“Enemies of the People,” a documentary that demonstrates the Khmer Rouge chain of command, will show at the Sundance Film Festival in the US in January.
The film was selected out of 782 film documentaries in the World Cinema Documentary category and will compete with 11 other films at the prestigious festival, held each year in various towns in the state of Utah, including Sundance.
The category includes films from Brazil, France, Ireland, the Palestinian territories and others.
Sundance organizers describe the story: “A young journalist whose family was killed by the Khmer Rouge befriends the perpetrators of the Killing Fields genocide, evoking shocking revelations.”
The film was produced by Thet Sambath, a journalist for the English-language Phnom Penh Post, and Rob Lemkin, an experienced producer who has worked with the BBC and The History Channel.
The film also demonstrates the chain of command of the Khmer Rouge, connecting the way in which cadre passed down orders, “from the top to the bottom,” Lemkin said in a recent interview.
“This documentary explains clearly [about the regime], so that once it is out, Cambodian victims will understand why there were killings, lack of food to eat, and why people died,” Thet Sambath said. “At least 98 percent of the truth will be revealed if not 100 percent.”
The film comes at a time when the Khmer Rouge tribunal in Phnom Penh is preparing a case against senior leaders of the regime, including its chief ideologue, Nuon Chea, who Thet Sambath interviewed at length.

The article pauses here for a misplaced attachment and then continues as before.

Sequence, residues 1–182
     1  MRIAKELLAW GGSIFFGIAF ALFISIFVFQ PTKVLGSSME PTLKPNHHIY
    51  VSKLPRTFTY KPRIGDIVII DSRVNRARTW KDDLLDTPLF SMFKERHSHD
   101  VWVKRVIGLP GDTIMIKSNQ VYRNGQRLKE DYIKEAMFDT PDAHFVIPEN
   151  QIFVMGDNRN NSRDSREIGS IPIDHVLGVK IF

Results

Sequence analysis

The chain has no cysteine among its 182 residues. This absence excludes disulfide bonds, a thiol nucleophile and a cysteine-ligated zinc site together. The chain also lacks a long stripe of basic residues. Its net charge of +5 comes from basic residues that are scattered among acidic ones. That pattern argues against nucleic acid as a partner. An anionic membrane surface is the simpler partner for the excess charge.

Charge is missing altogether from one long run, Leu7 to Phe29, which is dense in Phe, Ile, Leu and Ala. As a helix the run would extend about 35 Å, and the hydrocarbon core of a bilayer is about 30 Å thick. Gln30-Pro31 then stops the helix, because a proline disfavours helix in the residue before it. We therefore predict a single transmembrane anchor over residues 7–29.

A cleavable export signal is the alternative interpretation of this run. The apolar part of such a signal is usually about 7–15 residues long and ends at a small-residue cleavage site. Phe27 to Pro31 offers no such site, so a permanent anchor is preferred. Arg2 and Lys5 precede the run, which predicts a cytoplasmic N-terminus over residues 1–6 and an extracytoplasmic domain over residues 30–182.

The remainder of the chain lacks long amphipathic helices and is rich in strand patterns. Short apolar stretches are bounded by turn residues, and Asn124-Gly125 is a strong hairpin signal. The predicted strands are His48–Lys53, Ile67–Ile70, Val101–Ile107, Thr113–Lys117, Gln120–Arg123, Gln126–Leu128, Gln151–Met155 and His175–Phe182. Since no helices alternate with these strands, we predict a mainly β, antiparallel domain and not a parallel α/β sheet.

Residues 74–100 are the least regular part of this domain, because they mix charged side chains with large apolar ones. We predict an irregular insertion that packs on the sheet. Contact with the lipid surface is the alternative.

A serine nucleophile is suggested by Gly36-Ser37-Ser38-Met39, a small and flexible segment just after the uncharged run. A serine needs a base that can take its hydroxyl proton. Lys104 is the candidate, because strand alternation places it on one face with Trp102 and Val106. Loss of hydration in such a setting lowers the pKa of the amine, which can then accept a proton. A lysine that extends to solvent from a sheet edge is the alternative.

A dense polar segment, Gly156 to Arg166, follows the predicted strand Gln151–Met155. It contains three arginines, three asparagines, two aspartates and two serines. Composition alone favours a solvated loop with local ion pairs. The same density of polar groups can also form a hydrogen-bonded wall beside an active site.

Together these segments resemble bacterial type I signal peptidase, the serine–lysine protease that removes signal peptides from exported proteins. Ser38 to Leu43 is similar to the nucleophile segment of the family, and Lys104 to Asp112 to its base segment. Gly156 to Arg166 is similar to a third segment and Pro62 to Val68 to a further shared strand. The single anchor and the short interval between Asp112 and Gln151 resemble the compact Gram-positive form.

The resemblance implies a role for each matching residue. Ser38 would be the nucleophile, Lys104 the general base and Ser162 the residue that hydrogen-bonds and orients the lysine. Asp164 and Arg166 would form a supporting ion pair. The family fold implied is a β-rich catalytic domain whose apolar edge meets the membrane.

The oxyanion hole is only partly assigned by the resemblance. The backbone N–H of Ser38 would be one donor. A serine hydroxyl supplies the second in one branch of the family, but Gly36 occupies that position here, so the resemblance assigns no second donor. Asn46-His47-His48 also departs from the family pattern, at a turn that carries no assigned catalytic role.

It is unclear whether “Enemies of the People” will be used as evidence in the court.
“It is up to judges to decide on any documentary to use in the court’s legal procedures,” tribunal spokesman Reach Sambath said. “But in general we praise those who have the goodwill to produce a documentary film or a movie for younger generations or Cambodian people to use to garner more knowledge about Democratic Kampuchea.”
Following Sundance, the producers say they will focus on Cambodia.
“We really hope that this film can be released in Cambodia and that it can be an agent of positive change in Cambodia,” Lemkin said. “It can give confidence to those people to speak openly about what they were involved with, so that future generations in Cambodia will not be at a loss to understand what happened.”